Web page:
Just between us…
The “average” distance between our valley communities is 10 miles.
If we are five minutes late, pushing on the gas won’t magically transport us to our destination. To “make up time” these conditions would need to be met: no enforcement, no other cars ahead of us, all green traffic lights, a speed of over 90 mph.
Take A Minute, think about it, take the pressure off with a phone call to your destination and leave sooner next time.
Take A Minute/Slow Down in Town
Diane Reynolds, committee member
I greatly appreciate The Sopris Sun presenting a romanticized story about the ranching way-of-life in Colorado (Home on the range, Oct. 28).
I’m not sure I read anything about the lands all those cattle were grazing on. You should know a great number of cattle in the American West graze on public lands for which ranchers pay about $0.05 per head per day. You should also know that cattle ranching is chiefly responsible for damage to our public lands and ranching is heavily subsidized.
There’s a recent PEER (Public Employees for Environmental Responsibility) study called “Interior Wild Horse Focus Ignores Cattle Impacts.” It shows that the Bureau of Land Management (BLM) is ‘blind’ to their own data regarding the impact of cattle & sheep on our public lands.
Of most concern, BLM recently carried out an unprecedented removal of wild horses in the Sand Wash Basin, with a goal of driving them extinct. There’s no way to romanticize ranching’s impact on maintaining a sustainable, conscientious world which promotes respect for the integrity of all life forms.
I am asking that The Sopris Sun incorporate recognition of the plight of the wild horses and the critical need for oversight of the BLM.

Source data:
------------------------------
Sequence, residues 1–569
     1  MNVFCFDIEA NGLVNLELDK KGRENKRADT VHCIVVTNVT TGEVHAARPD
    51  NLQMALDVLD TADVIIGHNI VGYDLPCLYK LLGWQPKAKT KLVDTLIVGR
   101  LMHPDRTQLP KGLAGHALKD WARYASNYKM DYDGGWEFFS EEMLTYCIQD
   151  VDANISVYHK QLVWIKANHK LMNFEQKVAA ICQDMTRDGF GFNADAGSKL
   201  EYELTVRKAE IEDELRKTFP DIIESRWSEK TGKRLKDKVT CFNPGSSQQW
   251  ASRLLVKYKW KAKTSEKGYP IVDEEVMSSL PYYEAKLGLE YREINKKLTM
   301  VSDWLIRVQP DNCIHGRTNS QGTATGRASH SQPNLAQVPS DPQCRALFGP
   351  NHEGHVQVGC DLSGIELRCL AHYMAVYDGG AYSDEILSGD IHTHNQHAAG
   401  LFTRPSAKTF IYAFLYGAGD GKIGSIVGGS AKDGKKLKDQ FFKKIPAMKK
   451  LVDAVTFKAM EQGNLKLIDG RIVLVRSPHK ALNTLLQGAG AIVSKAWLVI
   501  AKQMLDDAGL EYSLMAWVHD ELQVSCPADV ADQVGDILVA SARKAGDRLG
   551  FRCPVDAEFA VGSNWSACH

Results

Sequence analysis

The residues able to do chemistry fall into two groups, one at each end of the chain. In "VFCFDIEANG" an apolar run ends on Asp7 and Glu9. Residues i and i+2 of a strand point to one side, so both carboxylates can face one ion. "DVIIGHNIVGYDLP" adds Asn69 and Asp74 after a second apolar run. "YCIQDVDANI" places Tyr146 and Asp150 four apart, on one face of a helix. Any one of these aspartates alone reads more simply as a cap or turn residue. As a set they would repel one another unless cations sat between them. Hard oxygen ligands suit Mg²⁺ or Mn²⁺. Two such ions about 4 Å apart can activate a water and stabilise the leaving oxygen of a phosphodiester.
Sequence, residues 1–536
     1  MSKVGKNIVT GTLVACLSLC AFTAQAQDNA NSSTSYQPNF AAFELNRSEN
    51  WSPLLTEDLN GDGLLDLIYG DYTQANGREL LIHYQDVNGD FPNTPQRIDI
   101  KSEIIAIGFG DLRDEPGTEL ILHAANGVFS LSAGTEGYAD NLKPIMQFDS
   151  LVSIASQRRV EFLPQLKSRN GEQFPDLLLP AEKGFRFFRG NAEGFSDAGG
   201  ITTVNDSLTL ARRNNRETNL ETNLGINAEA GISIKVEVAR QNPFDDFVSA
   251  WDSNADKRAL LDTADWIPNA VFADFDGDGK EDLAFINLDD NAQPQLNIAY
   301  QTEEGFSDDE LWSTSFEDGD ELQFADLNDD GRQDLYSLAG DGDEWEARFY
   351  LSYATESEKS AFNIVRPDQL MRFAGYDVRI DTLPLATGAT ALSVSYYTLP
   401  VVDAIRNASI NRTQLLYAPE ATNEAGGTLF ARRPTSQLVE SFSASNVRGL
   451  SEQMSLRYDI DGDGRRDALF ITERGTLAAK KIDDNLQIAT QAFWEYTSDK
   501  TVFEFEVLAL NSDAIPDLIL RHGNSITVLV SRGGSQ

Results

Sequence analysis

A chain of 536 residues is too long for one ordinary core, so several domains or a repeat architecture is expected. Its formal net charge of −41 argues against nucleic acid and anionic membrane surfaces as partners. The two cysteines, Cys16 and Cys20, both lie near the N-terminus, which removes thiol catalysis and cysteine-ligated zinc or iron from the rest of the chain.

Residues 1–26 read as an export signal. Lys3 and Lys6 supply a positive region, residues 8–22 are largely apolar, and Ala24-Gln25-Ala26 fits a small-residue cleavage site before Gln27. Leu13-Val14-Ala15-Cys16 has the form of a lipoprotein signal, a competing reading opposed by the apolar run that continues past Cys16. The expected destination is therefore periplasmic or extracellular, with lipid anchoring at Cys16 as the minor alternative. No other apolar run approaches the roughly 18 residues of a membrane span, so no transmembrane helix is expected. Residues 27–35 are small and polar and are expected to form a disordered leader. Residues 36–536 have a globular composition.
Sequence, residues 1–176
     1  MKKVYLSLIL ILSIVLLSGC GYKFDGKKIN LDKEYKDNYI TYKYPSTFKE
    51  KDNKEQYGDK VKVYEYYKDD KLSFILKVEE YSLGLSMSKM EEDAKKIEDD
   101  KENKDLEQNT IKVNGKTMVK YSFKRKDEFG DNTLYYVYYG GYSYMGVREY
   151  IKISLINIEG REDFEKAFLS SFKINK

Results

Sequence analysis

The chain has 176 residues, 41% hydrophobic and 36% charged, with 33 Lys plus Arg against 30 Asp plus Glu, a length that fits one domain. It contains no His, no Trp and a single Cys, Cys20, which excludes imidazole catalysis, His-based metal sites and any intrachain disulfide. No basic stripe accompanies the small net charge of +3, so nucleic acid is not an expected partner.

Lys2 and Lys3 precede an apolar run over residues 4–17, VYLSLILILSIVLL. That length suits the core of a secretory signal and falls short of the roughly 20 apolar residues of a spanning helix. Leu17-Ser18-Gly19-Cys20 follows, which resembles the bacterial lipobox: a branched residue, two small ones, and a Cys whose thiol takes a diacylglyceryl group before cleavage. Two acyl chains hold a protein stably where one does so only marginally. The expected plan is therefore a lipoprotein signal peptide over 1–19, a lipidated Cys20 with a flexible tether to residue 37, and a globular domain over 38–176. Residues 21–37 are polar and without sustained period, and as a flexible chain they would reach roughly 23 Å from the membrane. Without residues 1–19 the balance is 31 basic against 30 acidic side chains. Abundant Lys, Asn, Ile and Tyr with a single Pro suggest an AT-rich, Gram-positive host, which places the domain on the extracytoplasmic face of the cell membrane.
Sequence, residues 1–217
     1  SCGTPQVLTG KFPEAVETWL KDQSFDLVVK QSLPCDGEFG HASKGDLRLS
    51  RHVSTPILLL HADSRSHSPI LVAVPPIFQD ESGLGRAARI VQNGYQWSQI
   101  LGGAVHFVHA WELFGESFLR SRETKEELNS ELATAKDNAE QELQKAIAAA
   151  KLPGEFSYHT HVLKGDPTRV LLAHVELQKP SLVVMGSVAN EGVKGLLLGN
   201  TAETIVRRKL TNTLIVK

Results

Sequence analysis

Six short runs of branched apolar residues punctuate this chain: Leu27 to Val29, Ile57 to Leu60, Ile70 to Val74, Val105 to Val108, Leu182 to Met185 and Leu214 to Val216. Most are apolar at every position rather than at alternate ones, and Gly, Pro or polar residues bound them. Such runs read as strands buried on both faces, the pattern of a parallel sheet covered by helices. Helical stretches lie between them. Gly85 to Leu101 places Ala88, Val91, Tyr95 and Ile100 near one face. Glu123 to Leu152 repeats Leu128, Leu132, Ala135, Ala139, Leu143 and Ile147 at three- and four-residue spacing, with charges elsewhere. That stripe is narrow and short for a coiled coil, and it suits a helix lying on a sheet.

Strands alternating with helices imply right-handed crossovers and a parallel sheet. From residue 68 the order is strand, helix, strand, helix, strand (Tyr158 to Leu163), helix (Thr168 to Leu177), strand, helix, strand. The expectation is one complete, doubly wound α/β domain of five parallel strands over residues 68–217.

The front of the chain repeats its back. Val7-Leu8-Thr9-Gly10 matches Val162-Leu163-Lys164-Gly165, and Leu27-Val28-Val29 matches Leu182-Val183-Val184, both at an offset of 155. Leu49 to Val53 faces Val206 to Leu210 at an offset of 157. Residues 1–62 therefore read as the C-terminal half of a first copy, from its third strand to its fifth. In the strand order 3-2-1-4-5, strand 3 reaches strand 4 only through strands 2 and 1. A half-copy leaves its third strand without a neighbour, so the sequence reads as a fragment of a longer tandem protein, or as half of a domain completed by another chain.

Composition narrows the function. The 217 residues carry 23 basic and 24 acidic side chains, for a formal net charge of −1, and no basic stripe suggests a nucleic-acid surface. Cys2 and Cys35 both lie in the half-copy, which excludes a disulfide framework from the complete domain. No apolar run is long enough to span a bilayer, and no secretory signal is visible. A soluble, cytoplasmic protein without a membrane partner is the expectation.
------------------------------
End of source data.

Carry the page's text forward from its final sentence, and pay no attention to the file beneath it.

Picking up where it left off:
I am asking for The Sopris Sun’s consideration of this request, keeping in mind that the several facts regarding the Sand Wash Basin are only a small part of a much larger issue involving damage to public lands across the American West.
Last weekend I was sadly surprised to spot a picture of Kenny Reher on the beautiful Day of the Dead altar in front of Carbondale Arts. I had somehow missed his obituary.
Kenny was The Guy at Ace Hardware for years. If you walked in with a question and saw that Kenny was there, you knew he would help you find it and figure things out.
I appreciated him so much.
He was also the artist who created bigger-than-life snow sculptures in a field alongside Hwy 133, when the snow was just right for sculpting, by hand.
I think I am not alone in saying that I will miss him, tremendously.
Thank you, Kenny, for your hard work and kindness for so many years.
A big thank you to voters in the Roaring Fork School District for a decisive YES on 5B! 5B will help pay teachers and staff a living wage, allowing the district to recruit and retain great people. We are deeply appreciative of all the campaign volunteers and generous donors who helped to make the campaign a success — thank you! The Basalt Junior Girl Scout Troop #1690 said it best with their campaign signs: “Teachers are Worth it and Students Deserve it!”
5B Campaign Committee co-chairs,
Autumn Rivera, Mark Gould, Ellen Freedman
It is stunning to see how much faster climate predictions have come to fruition since 2010, when the questions in https://math.350.org were put forth. It’s obvious that we have been reflexively frog walking to climate upheaval. We MUST drop fossil resource extraction and change our paradigm to diverse energy production where every home is an energy producer/mitigator.